'Contractual'/common-law tenancy outside 1988 Act

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  • 'Contractual'/common-law tenancy outside 1988 Act

    Hi

    I am just going over the rental agreement for my stepson (1 of 4 tenants) and am not quite clear on the implications of a clause.

    The agreement started August 08 and is for a fixed period of 12 months with no break clause.

    The agreement is headed 'Tenancy Agreement - For letting a furnished dwelling house on a Contractural Tenancy'

    and a clause says 'This Agreement is intended to create a Contractual Tenancy outside the Housing Act 1988.'

    My question is: Is this an AST or not and if the answer is not what difference does it make?

  • #2
    is your stepson occupying a room where the landlord is in fact a living? The 1988 act exclusions only really apply on very few instances such as lodger agreements, holiday lets or the tenant does not intend to occupy this home as his principal occupance... Oh and if the rent is over 25k...
    [I]The opinions I give are simply my opinions and interpretations of what I have learnt, in numerous years as a property professional, I would not rely upon them without consulting with a paid advisor and providing them with all the relevant facts[I]

    Comment


    • #3
      There are three possibilities.
      1. 1988 Act applies, because letting meets requirements in s.1. AST, because no exclusions in Schedule 2A.
      2. 1988 Act applies, because letting meets requirements in s.1. Not AST (so SAT), because of exclusions in Schedule 2A.
      3. 1988 Act does not apply, because:
      a. letting does not meet requirements in s.1; or
      b. exclusions in Schedule 1.
      JEFFREY SHAW, solicitor [and Topic Expert], Nether Edge Law*
      1. Public advice is believed accurate, but I accept no legal responsibility except to direct-paying private clients.
      2. Telephone advice: see http://www.landlordzone.co.uk/forums/showthread.php?t=34638.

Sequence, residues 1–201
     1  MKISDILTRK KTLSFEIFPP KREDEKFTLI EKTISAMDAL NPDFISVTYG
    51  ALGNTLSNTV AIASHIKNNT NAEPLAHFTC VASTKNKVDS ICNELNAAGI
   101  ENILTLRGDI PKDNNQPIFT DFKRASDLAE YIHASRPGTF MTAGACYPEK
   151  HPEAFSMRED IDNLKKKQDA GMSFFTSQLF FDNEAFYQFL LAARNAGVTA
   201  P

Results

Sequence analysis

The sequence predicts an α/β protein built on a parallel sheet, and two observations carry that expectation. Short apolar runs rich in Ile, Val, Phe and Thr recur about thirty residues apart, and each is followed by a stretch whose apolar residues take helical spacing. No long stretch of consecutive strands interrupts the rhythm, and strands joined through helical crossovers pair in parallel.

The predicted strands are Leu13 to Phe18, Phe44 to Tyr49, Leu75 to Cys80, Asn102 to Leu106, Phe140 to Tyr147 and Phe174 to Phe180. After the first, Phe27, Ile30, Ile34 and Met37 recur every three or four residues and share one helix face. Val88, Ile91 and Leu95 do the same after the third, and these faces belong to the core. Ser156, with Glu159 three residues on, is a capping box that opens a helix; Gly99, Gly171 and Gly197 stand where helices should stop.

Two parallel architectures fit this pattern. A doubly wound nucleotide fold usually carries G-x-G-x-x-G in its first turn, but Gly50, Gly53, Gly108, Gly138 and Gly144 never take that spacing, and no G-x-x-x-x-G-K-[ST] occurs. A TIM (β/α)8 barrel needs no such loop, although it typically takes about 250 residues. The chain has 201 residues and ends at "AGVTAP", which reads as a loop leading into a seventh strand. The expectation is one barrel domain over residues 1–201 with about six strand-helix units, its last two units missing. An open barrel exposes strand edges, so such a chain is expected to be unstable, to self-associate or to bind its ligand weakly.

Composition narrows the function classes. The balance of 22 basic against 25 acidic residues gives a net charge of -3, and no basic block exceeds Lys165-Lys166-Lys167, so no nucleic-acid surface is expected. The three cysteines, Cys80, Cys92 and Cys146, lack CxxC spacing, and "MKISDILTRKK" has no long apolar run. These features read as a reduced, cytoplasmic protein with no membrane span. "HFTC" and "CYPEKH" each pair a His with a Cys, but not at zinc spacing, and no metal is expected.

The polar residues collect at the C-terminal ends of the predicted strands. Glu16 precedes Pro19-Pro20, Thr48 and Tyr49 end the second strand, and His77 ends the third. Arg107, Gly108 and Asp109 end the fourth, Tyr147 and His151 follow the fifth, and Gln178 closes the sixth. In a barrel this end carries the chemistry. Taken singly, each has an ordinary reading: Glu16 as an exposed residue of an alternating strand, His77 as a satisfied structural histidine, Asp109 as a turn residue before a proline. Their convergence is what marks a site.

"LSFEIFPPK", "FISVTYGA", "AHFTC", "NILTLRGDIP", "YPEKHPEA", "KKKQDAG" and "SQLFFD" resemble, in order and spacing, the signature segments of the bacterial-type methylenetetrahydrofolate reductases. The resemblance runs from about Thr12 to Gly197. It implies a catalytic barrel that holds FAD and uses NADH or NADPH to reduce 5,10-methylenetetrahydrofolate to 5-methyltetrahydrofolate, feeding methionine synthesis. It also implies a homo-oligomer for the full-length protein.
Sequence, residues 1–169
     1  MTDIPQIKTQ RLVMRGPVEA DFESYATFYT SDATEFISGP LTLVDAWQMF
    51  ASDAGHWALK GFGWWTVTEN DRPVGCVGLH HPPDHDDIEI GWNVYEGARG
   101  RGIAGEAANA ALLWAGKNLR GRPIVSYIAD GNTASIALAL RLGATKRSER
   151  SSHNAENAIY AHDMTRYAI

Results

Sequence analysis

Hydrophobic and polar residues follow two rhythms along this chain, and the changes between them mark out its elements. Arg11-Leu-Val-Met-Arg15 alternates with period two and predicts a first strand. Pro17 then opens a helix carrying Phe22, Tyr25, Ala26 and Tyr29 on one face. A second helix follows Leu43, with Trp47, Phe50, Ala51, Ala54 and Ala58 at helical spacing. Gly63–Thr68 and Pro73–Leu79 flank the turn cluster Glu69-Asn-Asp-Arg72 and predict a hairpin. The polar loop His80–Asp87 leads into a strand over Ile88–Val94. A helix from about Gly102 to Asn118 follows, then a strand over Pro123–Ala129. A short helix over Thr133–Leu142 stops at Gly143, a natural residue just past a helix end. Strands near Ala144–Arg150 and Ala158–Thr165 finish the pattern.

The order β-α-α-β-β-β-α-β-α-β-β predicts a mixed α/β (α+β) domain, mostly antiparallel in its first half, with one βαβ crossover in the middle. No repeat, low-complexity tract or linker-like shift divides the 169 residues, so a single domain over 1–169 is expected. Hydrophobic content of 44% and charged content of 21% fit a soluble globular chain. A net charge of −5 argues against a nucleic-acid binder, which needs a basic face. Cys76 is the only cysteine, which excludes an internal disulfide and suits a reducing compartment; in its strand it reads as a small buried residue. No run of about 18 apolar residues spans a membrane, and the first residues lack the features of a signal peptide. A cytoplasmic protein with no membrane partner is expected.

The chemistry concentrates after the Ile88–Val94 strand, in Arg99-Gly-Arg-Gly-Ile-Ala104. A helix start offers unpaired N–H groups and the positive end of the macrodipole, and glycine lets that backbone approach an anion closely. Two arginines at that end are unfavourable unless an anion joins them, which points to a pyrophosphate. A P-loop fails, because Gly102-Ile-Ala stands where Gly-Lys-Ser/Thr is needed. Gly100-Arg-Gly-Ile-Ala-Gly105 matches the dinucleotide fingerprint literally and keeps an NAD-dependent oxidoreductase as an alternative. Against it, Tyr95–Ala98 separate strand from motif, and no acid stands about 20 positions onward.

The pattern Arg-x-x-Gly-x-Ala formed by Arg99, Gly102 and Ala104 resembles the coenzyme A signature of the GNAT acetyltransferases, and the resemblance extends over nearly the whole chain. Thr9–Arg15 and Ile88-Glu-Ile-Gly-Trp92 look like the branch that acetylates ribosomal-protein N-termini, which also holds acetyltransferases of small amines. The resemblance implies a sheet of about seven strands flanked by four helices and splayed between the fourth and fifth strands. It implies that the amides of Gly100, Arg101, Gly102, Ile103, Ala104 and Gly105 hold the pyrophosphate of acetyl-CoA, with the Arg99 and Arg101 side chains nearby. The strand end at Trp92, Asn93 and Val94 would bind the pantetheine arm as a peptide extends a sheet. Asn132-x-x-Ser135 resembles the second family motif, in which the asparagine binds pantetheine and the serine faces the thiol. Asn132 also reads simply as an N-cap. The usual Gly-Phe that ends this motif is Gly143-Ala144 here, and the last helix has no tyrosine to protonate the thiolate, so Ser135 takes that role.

3. For paid advice about conveyancing/leaseholds/L&T, contact me* and become a private client.
      4. *- Contact info: click on my name (blue-highlight link).

      Comment


      • #4
        The letting is a ordinary house where the entirety of the house is let out to 4 named tenants, under a single tenancy agreement i.e. not room by room. The landlord does not reside in the house and as far as I am aware never has.

        I have just checked and the yearly rent is just over 25K so i assume that is the reason that it is phrased this way.

        I think the practical difference is that in this case there is no requirement to protect the deposit, are there any other major ones?

        Q: The agreement says both tenent and landlord have to give 1 months notice - either a month before the end of the term or later. Is this enforcable in this case?

        Q: The reason that this all arose is that stepson would like to move out. My initial position is that he is basically locked in for the 12 months, is this correct? The only way to end the tenancy would be to persuade the landlord to release all the tenants early and they move out - the problem being that I cannot imagine why he would do that.

        Comment


        • #5
          Originally posted by fletchj View Post
          The letting is a ordinary house where the entirety of the house is let out to 4 named tenants, under a single tenancy agreement i.e. not room by room. The landlord does not reside in the house and as far as I am aware never has.